Unilever Parenting& Diversification Trough Forward Integration in the Car Industry

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Unilever parenting& Diversification trough forward integration in the car industry Strategy in Work

Egon Christopher Westerhausen
Summer 2009
Growth share matrix3

Building the growth Share Matrix from the Parenting Matrix given in the case study. Question 15


Unilever Question(ii)6

Positive and negative bias of a merger.7

Question (i)Determine other areas of forward integration that car manufactures might consider and explain why?8

Strategy that may be used by companies to create forward integration in the car industry.10

Question (ii) Analyze how the resources and competences of a car manufacture differ from the downstream activities they are moving into?11

Question (iii) Evaluate whether `diversification downstream´is related or unrelated or unrelated diversification, bearing in ming the answers to the question above.12

What is needed for a successful strategy?13
Growth share matrix

The growth share matrix was developed by a consulting company in Boston called ´Boston Consulting Group´, his creator is Bruce Henderson. By these means corporations are enhanced in the analysis of their product lines or business units. Usually this analytical tool is used in diverse areas as brand marketing , strategic management, portfolio analysis and product management.

There are two factors that define the matrix: There is a relative market share and of course market growth. Using this matrix by placing individual products from the company portfolio in one of the quadrants and repeating the process for competing products. As a result this will have direct implications in market share and brand positioning.

Four Quadrants

1- Stars: A product that has a high growth market and has a good slice of the market share. Usually a generating strong revenues. As a star product evolves and growth slows down it may become a cash cow if it holds market share or become dogs if not.

2- Cash Cows: This product has a big market share but its market growth is slow. Cash cows have a great return specially when companies invest more in them. This type of product tends to cover a companies overhead.

3- Dogs: This porducts have a low market share in a slow growth market. They usually report profit even as they are cash consumers.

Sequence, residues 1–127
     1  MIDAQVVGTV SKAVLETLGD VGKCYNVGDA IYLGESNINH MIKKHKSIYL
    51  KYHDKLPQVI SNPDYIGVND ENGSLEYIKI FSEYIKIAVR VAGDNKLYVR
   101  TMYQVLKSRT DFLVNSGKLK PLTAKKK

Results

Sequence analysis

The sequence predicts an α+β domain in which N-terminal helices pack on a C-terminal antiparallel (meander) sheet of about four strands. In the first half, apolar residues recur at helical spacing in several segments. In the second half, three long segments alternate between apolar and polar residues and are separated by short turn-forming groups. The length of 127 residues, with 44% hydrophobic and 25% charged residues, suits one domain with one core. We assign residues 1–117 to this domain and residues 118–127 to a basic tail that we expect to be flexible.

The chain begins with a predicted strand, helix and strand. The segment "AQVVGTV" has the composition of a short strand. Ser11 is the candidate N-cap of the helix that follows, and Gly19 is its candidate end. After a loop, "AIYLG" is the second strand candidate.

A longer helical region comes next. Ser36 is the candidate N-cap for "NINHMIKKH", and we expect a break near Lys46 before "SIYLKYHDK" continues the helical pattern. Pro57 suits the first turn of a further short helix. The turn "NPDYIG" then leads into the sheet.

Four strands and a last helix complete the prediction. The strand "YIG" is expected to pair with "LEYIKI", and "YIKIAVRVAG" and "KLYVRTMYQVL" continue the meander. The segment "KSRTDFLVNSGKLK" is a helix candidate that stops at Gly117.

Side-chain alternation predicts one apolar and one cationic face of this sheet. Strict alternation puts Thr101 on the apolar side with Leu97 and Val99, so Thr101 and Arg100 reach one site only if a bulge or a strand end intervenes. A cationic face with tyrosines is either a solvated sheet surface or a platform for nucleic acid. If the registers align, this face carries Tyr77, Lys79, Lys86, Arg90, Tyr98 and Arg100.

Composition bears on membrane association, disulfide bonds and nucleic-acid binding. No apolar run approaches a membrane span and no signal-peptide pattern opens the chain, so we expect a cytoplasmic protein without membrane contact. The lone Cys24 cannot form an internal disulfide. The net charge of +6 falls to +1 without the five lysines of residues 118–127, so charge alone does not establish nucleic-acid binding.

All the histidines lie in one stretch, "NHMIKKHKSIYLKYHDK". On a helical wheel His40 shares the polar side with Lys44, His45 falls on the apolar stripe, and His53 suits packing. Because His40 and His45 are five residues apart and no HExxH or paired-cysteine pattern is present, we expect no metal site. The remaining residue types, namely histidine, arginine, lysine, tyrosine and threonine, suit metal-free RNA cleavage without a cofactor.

4- Question Marks: This product has a low market share of a high growth market. This type of product needs big amount of cash due to their growth but at the same time generate small amount of return due to a small market share. For a question mark to become a star is complicated because of the amount of cash needed to acquire market share. At the end they may end up becoming a great business but companies usually fail to develop a leading position in the market, before risking becoming dogs.

The basis of the usage of this tool is to clarify situations to balance the product portfolio of a company. In an ideal situation to eliminate dogs, while holding others in a dynamic equilibrium. Usually a Chairman chief of staff would use the money created by a cash cow and invest in turning question marks into stars, and in their evolution become cash cows. But in reality some of the question marks will end up as dogs.

Building the growth Share Matrix from the Parenting Matrix given in the case study. Question 1

Question (i) Present these Strategic Business Units (SBUs) in parenting matrix in a Growth / Share matrix and identify clearly how the results of this parenting matrix exercise might differ from a portfolio exercise.


|High |LOW | |HIGH |Speciality Products |Detergents | |LOW |Food |Tea | |


*Speciality products: `star´, This product has a high growth assured and at the same time have a high market share. ( This product is in maturity, best time).

*Food: `cash cow´, This segment may supply funds for a future growth. ( This product is in a state of maturity and it continue to be very rentable)....
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